Tuesday, June 12, 2018

Incense and Peppermints by Cathrina Constantine | A Book Review

Incense and Peppermints by Catharina Constantine | A Book Review by iamnotabookworm!

To be honest, I am not really a fan of the '60s. The decade of rock and roll, marijuana,  drugs, war, and other things. It's probably the reason why I haven't read a lot about this period or there weren't a lot of books that I've come across that interested me enough. Or maybe, I just don't care about it or have understood little about it. Well, this book is different. It somehow opened my mind about that period and to the fact that teenagers, no matter what decade they are from, in some ways are the same. And speaking of drugs, it wasn't just popular in that decade, somehow every generation has its own share and taste of it. The name and type of poison may vary or may have changed and evolved from generation to generation but nevertheless, it's one of the common things that become part of a teenagers right of passage through life. Personally, I haven't tried one. So, I can't totally relate to that part.

I think I signed up for this book because the blurb was interesting enough, though I had my doubts because of the era it was set. Much to my surprise, the story was very relatable and not so dated. I guess, part of it being YA has bridged that gap, if ever there was that generation gap. I was actually absorbed in the story and just had to finish it. One of the reviewers had the same reaction. 

As I have said, even if you were not born in the 60s, you will definitely end up liking this book. It mentions a lot of truths which are still applicable or are happening to teenagers today. As you read through the story, you'll feel like you're Mary, the main character. Caught up in a world of crushes, drugs, late nights, and all other adventures teenagers find themselves in. She even had her own share of abuse and what's worse, she didn't know who the guilty party was until some tragedy struck. Finding out the truth was very devastating yet it was also liberating for her. She ended up not hating the person but rather felt sorry for him because that person was going through a lot. Which actually speaks much about Mary's character and maturity.

This is actually a really good story about the 60s with a lot of lessons. Like I said, I was so surprised that I was actually drawn into the story. All the doubts I had, had disappeared and it made reading it all the more fun. I guess, it has to do with the characters. The characters were very relatable and could as well be the same way teenagers behave nowadays or from the other books that I have read. Somehow I have an impression that I might not like the book because it's in the 60s and it's a very unfamiliar era to me and somehow things might get lost in translation or something. But that was never the case. Nothing was lost in translation or in the haze at all. For that, I think I owe it the author's ability to bridge that gap. That in spite of the decades of distance from the readers generation, she somehow had made it like the story is timeless. The events in the story and the characters could well be millennials and you'll see that they'll exactly be going through the same things that happened in this story. That is a very great feat to accomplish. Congratz Miss Constantine!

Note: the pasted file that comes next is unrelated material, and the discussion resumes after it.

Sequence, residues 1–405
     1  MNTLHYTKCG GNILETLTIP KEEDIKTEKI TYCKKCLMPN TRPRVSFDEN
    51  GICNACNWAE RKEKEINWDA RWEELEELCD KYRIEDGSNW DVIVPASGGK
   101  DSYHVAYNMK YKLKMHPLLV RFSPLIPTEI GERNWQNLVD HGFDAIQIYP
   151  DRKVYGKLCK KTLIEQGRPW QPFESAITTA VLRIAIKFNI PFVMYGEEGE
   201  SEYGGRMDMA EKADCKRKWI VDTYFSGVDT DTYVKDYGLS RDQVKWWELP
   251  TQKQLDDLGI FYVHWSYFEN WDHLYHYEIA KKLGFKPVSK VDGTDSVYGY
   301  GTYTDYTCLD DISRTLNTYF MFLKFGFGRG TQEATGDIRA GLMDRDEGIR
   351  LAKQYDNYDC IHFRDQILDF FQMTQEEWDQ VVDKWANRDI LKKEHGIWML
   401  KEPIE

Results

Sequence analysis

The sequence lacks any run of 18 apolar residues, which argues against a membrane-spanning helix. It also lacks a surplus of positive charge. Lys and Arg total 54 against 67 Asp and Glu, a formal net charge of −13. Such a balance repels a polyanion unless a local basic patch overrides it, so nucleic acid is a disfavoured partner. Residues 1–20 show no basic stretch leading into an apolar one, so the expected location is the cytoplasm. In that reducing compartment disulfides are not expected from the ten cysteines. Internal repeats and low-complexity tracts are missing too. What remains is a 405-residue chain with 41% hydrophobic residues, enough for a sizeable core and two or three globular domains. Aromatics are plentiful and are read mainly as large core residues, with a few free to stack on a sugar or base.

And with that, I give the book 4.5 /5 peppermints. So, being a teenager, no matter from which generation you are from, you will experience the same things a teenager has to go through in order to pass through to adulthood. The same confusion, doubts, and sense of anything can happen or the feeling of invincibility will be there. The same issues and fears that plague the kids in the 60s are still the same issues that bombarded the youth of all generation. And that somehow, connects every reader to this story set in the 60s. A really fun and touching coming of age story of Mary who could well be just you and me.

It was the best of times, it was the worst of times, it was the age of wisdom, it was the age of foolishness, it was the epoch of belief, it was the epoch of incredulity, it was the season of Light, it was the season of Darkness, it was the spring of hope, it was the winter of despair, we had everything before us, we had nothing before us, we were all going direct to Heaven, we were all going direct the other way.
-  Cathrina Constantine, Incense and Peppermints -

Thank you again Xpressobooktours and Cathrina Constantine for the copy.

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